In 1837, at the age of 23, Angela Burdett-Coutts inherited a vast fortune from her banker grandfather, making her one of the richest and thus potentially powerful women in Victorian England. She moved in the highest social circles: entertaining the rising stars of the political scene, Disraeli and Gladstone; attending scientific lectures with Faraday; pursuing her philanthropic work with Dickens; and falling in love with the aged Duke of Wellington.
Her acts of charity were enormous and wide-ranging-establishing a home for 'fallen women', pioneering model housing, battling for sanitary reform, supporting the NSPCC and the RSPCA, and promoting technical education and domestic science. A devout Anglican, she built churches, founded colonial bishoprics and encouraged the missionary work of Livingstone and others. Despite all this activity, Angela remained throughout her life a shy and supremely private person. The full range of her charity will probably never be known, for she often acted through intermediaries such as Dickens, describing herself only as 'lady unknown'. And a 'lady unknown' she has largely remained, her role in Victorian England strangely overlooked or forgotten. Edna Healey has uncovered much new material, including unpublished correspondence from Dickens, Livingstone, Gladstone, Wellington, Faraday and Henry Irving, to provide a fascinating insight into this most remarkable lady.
Edna May Edmunds was born in the Forest of Dean and educated at Bell's Grammar School, Coleford, Gloucestershire, where she was the first pupil to gain a place at Oxford University. While studying English at St Hugh's College she met Denis Healey, who was studying at Balliol College. She then trained as a teacher and married Healey in 1945 after his military service in World War II. She became Baroness Healey in 1992 when her husband received a life peerage. Though she began her writing career relatively late in life, her books were critically acclaimed and sometimes best-sellers. She wrote non-fiction books, often biographies of successful women in powerful positions. Lady Healey also made two award-winning television documentaries. She was elected in 1993 a Fellow of the Royal Society of Literature.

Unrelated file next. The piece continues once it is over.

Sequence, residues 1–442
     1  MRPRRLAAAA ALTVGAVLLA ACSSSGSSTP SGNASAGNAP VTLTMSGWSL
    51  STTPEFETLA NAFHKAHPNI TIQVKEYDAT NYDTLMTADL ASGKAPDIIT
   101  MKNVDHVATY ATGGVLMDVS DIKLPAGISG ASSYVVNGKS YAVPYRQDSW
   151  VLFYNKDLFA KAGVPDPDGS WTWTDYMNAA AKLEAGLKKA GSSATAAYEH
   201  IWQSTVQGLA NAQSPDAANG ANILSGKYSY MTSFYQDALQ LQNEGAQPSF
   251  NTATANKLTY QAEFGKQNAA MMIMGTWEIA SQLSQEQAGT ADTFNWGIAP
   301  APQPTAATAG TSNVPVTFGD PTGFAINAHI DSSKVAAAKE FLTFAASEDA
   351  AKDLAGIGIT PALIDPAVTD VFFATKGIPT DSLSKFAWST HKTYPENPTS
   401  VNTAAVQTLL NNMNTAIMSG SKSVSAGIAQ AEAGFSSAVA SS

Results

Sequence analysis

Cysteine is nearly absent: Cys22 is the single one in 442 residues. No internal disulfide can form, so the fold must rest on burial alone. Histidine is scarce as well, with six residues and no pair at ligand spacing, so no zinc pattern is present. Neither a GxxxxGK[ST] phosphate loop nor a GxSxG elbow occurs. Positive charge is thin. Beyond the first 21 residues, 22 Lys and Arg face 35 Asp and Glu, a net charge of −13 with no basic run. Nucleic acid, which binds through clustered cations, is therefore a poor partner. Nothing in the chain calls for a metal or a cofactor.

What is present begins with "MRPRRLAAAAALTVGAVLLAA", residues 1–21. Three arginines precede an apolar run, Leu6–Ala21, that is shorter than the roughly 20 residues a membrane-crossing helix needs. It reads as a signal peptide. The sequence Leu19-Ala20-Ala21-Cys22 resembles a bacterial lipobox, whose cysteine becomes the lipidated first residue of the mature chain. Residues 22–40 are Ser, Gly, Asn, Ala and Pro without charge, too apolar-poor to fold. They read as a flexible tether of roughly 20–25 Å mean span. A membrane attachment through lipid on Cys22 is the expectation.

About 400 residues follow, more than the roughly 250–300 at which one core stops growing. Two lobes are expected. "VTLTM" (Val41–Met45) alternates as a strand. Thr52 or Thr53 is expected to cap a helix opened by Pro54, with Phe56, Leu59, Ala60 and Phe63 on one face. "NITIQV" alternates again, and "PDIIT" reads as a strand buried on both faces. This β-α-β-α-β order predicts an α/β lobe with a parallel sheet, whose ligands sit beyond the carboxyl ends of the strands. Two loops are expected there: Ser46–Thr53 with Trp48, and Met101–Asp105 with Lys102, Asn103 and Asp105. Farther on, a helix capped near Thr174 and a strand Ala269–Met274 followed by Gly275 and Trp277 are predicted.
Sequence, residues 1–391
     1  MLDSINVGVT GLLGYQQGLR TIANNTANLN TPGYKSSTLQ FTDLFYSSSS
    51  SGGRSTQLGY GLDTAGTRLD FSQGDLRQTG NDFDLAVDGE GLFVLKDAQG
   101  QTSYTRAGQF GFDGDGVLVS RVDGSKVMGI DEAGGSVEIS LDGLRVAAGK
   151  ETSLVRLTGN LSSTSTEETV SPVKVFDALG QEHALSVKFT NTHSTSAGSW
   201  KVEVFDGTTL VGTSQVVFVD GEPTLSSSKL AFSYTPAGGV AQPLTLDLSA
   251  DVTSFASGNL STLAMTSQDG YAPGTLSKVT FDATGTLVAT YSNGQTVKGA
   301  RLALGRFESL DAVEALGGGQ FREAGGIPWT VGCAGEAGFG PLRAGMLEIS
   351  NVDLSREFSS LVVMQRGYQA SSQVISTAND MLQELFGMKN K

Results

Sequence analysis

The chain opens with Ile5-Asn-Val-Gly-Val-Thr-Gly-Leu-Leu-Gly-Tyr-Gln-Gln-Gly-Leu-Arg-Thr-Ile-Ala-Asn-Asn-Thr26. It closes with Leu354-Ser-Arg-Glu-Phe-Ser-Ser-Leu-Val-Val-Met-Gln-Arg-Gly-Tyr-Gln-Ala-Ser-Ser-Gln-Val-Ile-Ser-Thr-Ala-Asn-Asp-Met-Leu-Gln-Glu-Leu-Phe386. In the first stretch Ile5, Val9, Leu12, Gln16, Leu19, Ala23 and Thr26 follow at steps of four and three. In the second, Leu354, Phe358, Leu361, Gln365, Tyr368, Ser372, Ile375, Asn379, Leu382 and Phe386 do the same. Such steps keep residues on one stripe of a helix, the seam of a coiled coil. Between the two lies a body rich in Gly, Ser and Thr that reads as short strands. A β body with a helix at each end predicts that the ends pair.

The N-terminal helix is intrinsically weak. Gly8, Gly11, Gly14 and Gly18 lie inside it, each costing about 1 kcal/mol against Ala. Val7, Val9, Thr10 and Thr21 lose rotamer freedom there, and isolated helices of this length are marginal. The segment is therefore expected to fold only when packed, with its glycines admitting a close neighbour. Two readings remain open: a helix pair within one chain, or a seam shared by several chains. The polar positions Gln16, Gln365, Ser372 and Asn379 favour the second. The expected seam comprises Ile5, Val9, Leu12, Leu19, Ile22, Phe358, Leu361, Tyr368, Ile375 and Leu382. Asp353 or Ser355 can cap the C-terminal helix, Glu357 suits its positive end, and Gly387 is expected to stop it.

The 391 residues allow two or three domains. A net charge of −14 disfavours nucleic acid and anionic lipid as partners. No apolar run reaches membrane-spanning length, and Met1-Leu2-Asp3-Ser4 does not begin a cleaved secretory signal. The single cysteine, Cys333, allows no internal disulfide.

This is a well written biography of a little known woman. In detailing Miss Coutts' life, Edna Healey inevitably details the conventions which placed limits on what women could do. In almost all of her charitable works, Miss Coutts relied upon or had recourse to men - perhaps if she had been male she would not have remained a shadowy figure in the history of Victorian England. Nonetheless, she was a compassionate and determined women who was a pioneer in concern for the poor and much of her fortune went towards improving their lot in life. Her friendship with Charles Dickens shed new light (for me) on his work for the poor. In some ways Miss Coutts' life was typical of the life of a well-off Victorian woman - at-homes, continental travel, health cures, and this does become slightly monotonous, but there is a parade of famous characters who regularly brighten the scene. If the social round and charitable works see your interest flagging a little, push on because there is quite a surprise toward the end.
I was thoroughly enjoying Anna Bentinck's narration, pleasant voice, pleasant accent, UNTIL, it appears, she read several chapters while suffering a heavy cold. The stuffed-up nasal voice was just horrible, I had to force myself to keep listening. Thankfully she recovered but it did spoil my enjoyment of this book.